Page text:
Funeral Mass

Sorrow and Joy

God hates death and loves us unconditionally! He loves us so much that He sent His only Son Jesus to earth, so that all who believe in His Son might have everlasting life. In being divine and mortal Jesus experienced the very same emotions of sorrow and loneliness that we feel. Yet in His crucifixion, death and Resurrection He not only conquered death once and for all but restored and redeemed our relationship with the Father.

In St. John’s Gospel (Chapter 14 v1-6) Jesus said to his disciples; “Do not let your hearts be troubled. Have faith in God, have faith in me. In my Father’s house there are many dwelling places. If there were not – would I have told you that I am going to prepare a place for you? Where I am going, you know the way.”
      Thomas said to him, “Master, we do not know where you are going; how can we know the way?” Jesus said to him, “I am the way and the truth and the life. No-one comes to the Father except through me.” This is the good news of Jesus Christ, Lord and Master of Life.

The order of Christian funerals is divided into three groups of rites: “Vigil and related rites and prayers”, “Funeral Liturgy” and the “Rite of Committal”.

Funeral Vigil

At the Vigil, the Christian Community keeps watch with the family. Prays to the God of mercy and finds strength in Christ’s presence. The Vigil Rite gathers the faithful together to form a community of support and prepares all to listen to God’s healing words in the scriptures. The proclamation of the Word at the vigil is to proclaim the Paschal Mystery, teach remembrance of the dead. It conveys the hope of being together again in God’s kingdom and encourages the witness of Christian living.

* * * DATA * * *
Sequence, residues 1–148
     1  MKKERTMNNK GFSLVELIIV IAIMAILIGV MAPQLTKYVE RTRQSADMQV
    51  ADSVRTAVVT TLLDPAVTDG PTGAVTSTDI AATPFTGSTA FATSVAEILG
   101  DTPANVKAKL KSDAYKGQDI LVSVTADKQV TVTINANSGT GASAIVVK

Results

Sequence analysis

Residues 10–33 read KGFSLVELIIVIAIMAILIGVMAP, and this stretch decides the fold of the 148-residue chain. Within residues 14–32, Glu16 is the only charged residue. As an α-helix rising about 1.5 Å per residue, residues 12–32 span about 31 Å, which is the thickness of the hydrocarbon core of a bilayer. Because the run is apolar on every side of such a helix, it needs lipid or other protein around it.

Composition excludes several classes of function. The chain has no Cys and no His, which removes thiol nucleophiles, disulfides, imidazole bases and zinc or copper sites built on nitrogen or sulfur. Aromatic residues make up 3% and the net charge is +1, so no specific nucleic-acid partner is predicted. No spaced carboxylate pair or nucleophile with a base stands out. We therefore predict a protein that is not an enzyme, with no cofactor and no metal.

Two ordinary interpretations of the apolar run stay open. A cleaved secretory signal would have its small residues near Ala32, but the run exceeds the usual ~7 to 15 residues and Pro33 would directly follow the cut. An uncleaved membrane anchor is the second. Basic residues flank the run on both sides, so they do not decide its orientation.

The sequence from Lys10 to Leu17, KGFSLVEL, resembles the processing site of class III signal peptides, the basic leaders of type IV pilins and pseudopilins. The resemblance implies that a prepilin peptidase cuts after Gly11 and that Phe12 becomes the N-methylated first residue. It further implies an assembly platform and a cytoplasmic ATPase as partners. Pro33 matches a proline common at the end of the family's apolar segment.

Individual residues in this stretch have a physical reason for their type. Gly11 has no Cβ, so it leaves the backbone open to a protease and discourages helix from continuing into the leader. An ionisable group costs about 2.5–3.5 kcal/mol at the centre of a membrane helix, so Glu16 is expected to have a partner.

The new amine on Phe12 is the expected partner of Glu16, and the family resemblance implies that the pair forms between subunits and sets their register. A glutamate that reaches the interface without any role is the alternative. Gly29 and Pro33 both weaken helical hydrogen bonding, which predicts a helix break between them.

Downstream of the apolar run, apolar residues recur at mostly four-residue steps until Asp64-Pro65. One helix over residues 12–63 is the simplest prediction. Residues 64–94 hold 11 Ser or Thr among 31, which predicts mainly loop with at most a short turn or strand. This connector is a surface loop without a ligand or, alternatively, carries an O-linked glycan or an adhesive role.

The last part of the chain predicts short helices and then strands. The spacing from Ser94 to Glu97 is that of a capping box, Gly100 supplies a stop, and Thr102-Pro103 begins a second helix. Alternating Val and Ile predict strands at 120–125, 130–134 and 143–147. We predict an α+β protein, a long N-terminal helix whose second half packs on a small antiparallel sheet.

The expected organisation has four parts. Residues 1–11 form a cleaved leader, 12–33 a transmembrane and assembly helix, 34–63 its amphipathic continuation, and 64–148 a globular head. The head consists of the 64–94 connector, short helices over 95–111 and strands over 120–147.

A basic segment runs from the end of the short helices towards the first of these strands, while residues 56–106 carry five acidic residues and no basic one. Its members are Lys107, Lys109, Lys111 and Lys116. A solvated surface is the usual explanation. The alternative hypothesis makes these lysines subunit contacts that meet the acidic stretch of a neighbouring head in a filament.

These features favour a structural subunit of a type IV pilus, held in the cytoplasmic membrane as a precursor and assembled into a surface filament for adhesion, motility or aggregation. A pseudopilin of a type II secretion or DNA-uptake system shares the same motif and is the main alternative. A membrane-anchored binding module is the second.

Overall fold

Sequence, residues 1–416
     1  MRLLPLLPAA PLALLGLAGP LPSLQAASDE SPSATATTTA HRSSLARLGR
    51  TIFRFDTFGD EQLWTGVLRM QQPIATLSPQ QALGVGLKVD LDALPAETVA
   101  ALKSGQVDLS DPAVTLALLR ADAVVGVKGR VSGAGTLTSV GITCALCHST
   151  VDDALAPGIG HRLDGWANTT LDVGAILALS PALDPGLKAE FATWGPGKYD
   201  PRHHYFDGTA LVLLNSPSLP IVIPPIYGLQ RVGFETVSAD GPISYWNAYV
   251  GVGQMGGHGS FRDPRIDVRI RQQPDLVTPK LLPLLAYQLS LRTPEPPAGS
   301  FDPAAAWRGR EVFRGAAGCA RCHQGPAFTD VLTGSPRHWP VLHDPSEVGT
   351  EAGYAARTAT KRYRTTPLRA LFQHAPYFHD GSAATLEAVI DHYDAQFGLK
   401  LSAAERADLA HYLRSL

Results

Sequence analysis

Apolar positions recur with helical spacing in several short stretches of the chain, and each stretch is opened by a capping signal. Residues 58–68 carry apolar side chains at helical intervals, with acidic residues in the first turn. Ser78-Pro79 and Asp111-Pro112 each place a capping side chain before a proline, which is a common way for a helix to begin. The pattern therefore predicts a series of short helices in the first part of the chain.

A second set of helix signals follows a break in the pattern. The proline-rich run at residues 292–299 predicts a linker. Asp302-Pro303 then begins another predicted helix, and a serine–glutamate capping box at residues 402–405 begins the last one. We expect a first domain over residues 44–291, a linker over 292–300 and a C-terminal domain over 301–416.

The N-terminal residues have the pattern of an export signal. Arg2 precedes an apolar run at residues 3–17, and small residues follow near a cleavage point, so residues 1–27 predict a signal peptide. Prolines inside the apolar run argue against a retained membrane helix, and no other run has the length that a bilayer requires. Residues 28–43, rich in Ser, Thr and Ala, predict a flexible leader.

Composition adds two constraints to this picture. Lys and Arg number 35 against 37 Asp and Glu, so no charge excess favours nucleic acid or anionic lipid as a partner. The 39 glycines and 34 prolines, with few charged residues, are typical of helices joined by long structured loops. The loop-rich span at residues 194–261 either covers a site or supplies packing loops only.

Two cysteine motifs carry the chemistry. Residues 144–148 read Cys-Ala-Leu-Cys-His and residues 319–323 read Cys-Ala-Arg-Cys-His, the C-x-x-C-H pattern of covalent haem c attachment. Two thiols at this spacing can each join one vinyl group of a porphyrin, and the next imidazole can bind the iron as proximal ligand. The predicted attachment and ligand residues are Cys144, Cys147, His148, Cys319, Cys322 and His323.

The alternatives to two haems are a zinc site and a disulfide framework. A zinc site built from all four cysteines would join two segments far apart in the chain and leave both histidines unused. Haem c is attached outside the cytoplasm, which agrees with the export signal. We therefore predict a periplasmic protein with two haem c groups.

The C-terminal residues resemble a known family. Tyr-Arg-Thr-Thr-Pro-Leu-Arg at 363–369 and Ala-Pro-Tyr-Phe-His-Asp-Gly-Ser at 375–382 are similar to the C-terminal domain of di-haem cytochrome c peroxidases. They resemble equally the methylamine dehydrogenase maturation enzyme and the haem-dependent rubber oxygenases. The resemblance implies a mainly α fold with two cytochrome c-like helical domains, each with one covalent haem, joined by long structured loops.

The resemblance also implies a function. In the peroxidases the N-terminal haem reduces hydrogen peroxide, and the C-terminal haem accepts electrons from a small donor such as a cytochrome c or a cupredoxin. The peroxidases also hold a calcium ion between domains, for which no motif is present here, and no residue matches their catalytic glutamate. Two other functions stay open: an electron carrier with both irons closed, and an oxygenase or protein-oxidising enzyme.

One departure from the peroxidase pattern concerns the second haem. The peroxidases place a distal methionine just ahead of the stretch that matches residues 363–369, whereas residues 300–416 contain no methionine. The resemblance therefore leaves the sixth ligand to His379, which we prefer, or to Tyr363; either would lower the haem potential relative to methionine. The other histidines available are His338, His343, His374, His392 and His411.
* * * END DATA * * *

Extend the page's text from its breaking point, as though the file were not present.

Funeral Mass

When one of its’ members dies, the Church encourages the Celebration of the Mass. At the Funeral Mass the Church gathers to give praise and thanks to God for Christ’s victory over sin and death, to commend the deceased to God’s tender mercy and compassion and to seek strength in the proclamation and celebration of the Paschal Mystery. The Church is the place where the Christian life is born in Baptism, nourished in the Eucharist; and where the community of faith gathers to commend one of it’s deceased members to the Father.

The body of the deceased is decorated with symbols of new life born in Baptism. The crucifix is placed on the casket indicating that we are priceless in God’s eyes. The pall is placed on the casket indicating that on the day of Baptism we are clothed (or as St. Paul says, “we put on Christ.”) The Book of Gospels is placed on the casket indicating that we are nourished by God’s Word.

The community of faith, with the priest offers to the Father the sacrifice of the New Covenant and together partakes of the One Bread, the Body, Blood, Soul and Divinity of Jesus Christ the Risen Lord.


Following the Vigil Rite and the Funeral Mass the community of faith joins in the Rite of Final Commendation at the cemetery. Words of farewell are said expressing faith in the Risen Lord. The prayers of commendation call upon God to be merciful to the deceased. They express and affirm the belief that those who have died in Christ will share in Christ’s victory over death. Jesus said, “I am the Resurrection and the Life.” (John Ch. 11) They affirm in words taken from Philippians Chapter 3 vs. 20. “Our citizenship is in heaven, and from there we await a Savior, the Lord Jesus Christ.”

A curious mourner asked how much money the wealthy decedent left; and the quick reply was. “He had to leave it all behind.” “There is no hitch on a hearse.” So what do we take with us? The answer is, all that we stored up in Spirit. We carry all or nothing in our spirit – that’s where the script of our lives is written for God to read.